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Moon Woke Me Up Nine Times: Selected Haiku of Basho

4.36  ·  Rating details ·  205 ratings  ·  31 reviews
Vivid new translations of Basho's popular haiku, in a selected format ideal for newcomers as well as fans long familiar with the Japanese master.

Basho, the famously bohemian traveler through seventeenth-century Japan, is a poet attuned to the natural world as well as humble human doings; "Piles of quilts/ snow on distant mountains/ I watch both," he writes. His work captur
Paperback, 106 pages
Published April 2nd 2013 by Knopf (first published 1694)
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Khashayar Mohammadi
Aug 09, 2017 rated it really liked it
Nicely edited collection; but my personal favorite part was the few pages in the appendix dedicated to Basho's longer poems ...more
Jan 18, 2015 rated it really liked it
Beautiful, simple and meditative. Basho is one of my favorite Japanese poets. This is a good book to start reading Basho. When modern life has me feeling depressed or anxious or stressed, I turn to haiku for they bring me back down to Earth and remind me of the beauty in the simplicity of nature and the things around me and of being alive.
Jul 11, 2017 rated it it was amazing
A delightful collection. David Young's introduction is informative and easy to read, which is a rarity in poetry collections and must be praised, though you won't learn a thing about Bashō from it. Young says you can get that everywhere else; instead, the introduction addresses Young's approach to translating these poems, and I was quite surprised at the amount of latitude Young gave himself. Due to the differences between the number of syllables in English and Japanese, he disregards the West's ...more
Karen Michele Burns
Dec 03, 2014 rated it it was amazing
Shelves: my-5-star-books
Back in my school days, haiku was really the only poetic form that I understood. I could even succeed in writing some haiku that were decent, at least they were more successful than any other poetry I wrote. i decided to revisit haiku by reading the master of the form, Basho. I was entranced again by the beauty of such a short collection of words. The simplicity that holds so much more meaning than you would think could be contained in such a small package is a large part of why haiku appeals to ...more
So beautiful! Joyful and sorrowful, reading this haiku was very enjoyable. Even with it's limited words, each haiku gave such rich settings and emotions that while reading them, I felt i was right there with the poet! I highly recommend this slim volume to just about anyone. Even someone who may not like poems or haiku. I feel that most people would love to read this relaxing little book and soak up it's beauty. ...more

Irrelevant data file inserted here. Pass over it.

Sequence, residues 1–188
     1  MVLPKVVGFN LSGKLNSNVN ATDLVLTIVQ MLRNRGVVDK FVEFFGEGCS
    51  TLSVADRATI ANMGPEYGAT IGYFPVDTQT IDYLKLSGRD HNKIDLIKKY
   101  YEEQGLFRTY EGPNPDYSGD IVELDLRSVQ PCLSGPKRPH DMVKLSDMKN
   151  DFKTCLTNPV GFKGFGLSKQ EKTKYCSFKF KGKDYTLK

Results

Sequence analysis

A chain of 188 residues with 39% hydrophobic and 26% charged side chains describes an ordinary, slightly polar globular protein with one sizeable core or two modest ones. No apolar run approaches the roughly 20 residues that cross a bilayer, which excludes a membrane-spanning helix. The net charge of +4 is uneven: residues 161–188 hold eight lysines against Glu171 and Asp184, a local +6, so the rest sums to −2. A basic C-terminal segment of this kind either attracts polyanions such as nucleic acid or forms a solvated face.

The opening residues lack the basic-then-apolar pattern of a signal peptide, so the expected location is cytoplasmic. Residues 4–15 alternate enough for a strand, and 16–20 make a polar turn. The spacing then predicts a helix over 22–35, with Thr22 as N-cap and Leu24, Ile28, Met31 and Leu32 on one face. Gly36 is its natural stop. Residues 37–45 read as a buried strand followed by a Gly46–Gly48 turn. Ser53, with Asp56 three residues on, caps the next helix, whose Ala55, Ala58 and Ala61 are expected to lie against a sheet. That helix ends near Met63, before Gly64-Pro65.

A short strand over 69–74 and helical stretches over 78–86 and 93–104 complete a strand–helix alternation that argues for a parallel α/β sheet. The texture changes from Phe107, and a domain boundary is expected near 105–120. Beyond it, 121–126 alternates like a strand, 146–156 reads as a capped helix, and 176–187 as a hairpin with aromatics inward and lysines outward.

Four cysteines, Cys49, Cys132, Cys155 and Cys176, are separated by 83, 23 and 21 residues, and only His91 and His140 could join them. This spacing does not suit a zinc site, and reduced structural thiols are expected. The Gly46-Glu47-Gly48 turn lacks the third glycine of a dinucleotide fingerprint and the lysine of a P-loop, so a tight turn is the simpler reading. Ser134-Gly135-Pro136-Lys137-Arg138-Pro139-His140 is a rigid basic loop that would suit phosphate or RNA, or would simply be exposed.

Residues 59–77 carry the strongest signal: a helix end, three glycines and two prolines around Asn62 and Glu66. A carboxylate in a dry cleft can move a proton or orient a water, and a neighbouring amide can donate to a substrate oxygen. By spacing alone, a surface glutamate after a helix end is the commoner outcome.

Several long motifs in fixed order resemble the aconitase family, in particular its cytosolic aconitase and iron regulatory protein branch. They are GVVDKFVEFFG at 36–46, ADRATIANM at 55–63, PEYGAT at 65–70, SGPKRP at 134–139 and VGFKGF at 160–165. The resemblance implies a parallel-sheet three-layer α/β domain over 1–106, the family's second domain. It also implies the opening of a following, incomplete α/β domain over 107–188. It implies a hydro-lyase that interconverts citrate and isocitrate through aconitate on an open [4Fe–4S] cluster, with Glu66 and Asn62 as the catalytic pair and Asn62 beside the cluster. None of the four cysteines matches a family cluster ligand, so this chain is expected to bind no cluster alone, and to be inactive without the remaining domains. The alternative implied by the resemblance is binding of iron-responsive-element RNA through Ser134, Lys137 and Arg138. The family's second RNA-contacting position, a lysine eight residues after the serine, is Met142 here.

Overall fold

Jeffrey Bumiller
Jun 06, 2013 rated it it was amazing
This is far and away the best collection of Basho's Haiku that I've ever read. The translations seem really fresh, alive, and consistent throughout the book. This book is also laid out wonderfully, the Haiku's look beautiful on the page. I read one or two poems a day and it was really great to have my daily moment with Basho. This is a great book. ...more
Amy Neftzger
Jul 07, 2013 rated it really liked it
I really enjoyed these translations which kept true to the spirit of the writing without attempting to choosing words that forced the syllables into the traditional haiku format. The poems were written that way, but sometimes meaning becomes obscured when translators pay more attention to the meter than the content. This is a book of beautiful poems that have been nicely translated.
Timothy Langhorst
Jul 06, 2013 rated it it was amazing
Very enjoyable book. David Young's translation of selected Haiku by Basho. Young's introduction to the 188 Haiku in this book provides context to the reading. Would definitely recommend this book. ...more
May 16, 2015 rated it really liked it
Interesting new translations; very terse compared to the translations I've read in the past. I still prefer Robert Hass's translations, but that's probably just because Hass's versions are what I read first (a long time ago) and am accustomed to. ...more
Edward Rathke
Apr 07, 2013 rated it it was amazing
Shelves: poetry
This is simple beauty. Love it.
Peter Schmidt
Dec 20, 2013 rated it it was amazing
The best translation out there, plus a superb introduction on Basho's like and why the haiku is such a immortal poetic form, esp in his hands.
Feb 05, 2015 rated it it was amazing
Wonderful, free form translations of Basho poems.
Desmond Beddoe
Feb 25, 2015 rated it really liked it